The Heart of Mexico- Guanajuato
by Diana Olvera
During the winter holidays I took a vacation to Mexico City. Having been being born and raised there, I opted to explore a city I’ve never visited. Deviating from my original itinerary, I detoured to the city of Guanajuato. Located northwest Mexico City, Guanajuato is a friendly place and relatively unknown treasure amongst visiting tourists. This has enabled the old silver mining town to retain its unique character and charming local traditions. During my trip I stayed at quaint in-town apartment that offered a terrific value for my money, participated in town events, and savored authentic local foods and colorful candy.
The architecture of Guanajuato is Spanish colonial, the color is all it’s own.
The first night I took part take in a “callejoneada”, or evening street party, which departs nightly from the San Diego church on the Jardín de la Unión. Leading the callejoneada, was a group of student musicians referred to as “estudiantinas”. We toured the historic center of Guanajuato including the Alondiga de Granadita and the Kissing Alley- a super narrow alley, while dancing to live music, listening to local legends, and sipping tequila from a very unique looking cup.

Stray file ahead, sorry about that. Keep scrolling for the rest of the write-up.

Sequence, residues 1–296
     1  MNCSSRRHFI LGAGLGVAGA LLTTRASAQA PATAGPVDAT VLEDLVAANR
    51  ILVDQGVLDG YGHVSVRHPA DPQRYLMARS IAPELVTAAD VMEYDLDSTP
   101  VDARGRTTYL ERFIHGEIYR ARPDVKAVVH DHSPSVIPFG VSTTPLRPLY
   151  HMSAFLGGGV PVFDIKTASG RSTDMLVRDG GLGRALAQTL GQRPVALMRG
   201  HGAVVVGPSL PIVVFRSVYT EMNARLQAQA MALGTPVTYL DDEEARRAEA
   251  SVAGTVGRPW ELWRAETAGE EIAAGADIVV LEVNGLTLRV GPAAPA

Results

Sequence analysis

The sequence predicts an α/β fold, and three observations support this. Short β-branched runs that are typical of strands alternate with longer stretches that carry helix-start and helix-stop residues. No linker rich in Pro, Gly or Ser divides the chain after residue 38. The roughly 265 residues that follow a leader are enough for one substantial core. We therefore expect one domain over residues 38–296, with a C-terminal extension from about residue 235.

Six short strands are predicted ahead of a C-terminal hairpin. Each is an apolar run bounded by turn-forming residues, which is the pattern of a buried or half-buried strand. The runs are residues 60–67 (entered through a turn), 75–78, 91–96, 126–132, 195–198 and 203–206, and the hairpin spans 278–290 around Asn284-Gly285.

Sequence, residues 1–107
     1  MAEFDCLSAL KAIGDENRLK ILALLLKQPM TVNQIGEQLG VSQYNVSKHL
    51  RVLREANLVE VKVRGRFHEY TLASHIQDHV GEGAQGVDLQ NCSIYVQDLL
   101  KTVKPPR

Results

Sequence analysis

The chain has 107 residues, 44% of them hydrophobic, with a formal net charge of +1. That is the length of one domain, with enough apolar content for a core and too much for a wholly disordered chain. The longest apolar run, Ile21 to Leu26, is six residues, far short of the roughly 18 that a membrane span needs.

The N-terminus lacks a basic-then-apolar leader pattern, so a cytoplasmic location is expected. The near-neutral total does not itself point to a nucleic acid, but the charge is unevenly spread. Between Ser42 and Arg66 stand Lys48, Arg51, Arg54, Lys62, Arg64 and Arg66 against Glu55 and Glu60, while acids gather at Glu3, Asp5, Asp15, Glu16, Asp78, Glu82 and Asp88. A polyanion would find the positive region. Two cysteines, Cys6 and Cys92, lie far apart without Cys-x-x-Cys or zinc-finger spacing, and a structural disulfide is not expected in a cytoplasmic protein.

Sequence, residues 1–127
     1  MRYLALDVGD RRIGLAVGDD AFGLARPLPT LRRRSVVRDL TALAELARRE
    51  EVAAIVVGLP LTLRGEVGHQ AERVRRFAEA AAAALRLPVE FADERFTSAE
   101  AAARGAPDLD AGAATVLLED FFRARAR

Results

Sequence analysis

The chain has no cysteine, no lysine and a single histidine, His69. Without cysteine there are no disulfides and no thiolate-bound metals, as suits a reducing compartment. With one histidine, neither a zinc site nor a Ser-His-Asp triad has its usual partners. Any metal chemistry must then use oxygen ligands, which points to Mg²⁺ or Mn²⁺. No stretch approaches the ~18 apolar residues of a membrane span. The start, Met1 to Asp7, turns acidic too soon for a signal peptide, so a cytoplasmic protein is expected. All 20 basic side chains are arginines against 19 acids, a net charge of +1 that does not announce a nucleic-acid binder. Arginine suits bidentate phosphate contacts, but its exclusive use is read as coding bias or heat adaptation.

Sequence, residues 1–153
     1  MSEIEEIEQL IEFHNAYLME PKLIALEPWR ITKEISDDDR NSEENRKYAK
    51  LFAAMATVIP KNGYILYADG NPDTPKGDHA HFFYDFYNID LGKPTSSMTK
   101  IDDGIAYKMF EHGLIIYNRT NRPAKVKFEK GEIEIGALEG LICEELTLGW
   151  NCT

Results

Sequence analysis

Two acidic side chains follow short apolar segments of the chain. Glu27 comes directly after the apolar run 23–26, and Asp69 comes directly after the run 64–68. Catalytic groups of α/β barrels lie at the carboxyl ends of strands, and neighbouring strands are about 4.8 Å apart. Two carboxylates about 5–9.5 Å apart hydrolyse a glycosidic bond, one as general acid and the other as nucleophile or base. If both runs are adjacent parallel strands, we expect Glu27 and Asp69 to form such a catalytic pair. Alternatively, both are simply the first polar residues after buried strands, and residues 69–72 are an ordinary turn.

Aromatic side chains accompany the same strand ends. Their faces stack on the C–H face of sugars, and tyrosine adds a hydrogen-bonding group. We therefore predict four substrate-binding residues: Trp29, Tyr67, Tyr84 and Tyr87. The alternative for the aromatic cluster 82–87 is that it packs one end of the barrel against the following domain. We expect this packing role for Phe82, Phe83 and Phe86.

The great architecture of this gorgeous city was built with the enormous wealth generated from silver mining during the 17th and 18th centuries. At that time, Guanajuato was the source for one third of the world’s silver supply.
El Nopal is an old mine from the mid 18th century.
It was an amazing adventure walking down cobbled streets and alleyways, discovering new and unexpected things around every corner. My exploration expanded to a neighboring town- San Miguel de Allende. Whether on public buildings or private houses, newly painted or beautifully aged, the doors and windows of San Miguel de Allende are made to be noticed. Their inspiring styles include decorative ironwork, arched panels and painted or tiled frames on contrasting walls.
San Miguel de Allende is an incredibly picturesque and perfectly preserved town has also been named as a Heritage of Humanity Site by UNESCO.
Cars have to go through the old and long mining tunnels to get into the old city.
The underground road network in the city and surrounding regions is well developed, and traveling through it is fast and efficient.
The city and surrounding towns are clean and safe; it’s truly a great region to consider if you desire as genuine cultural experience in Mexico.
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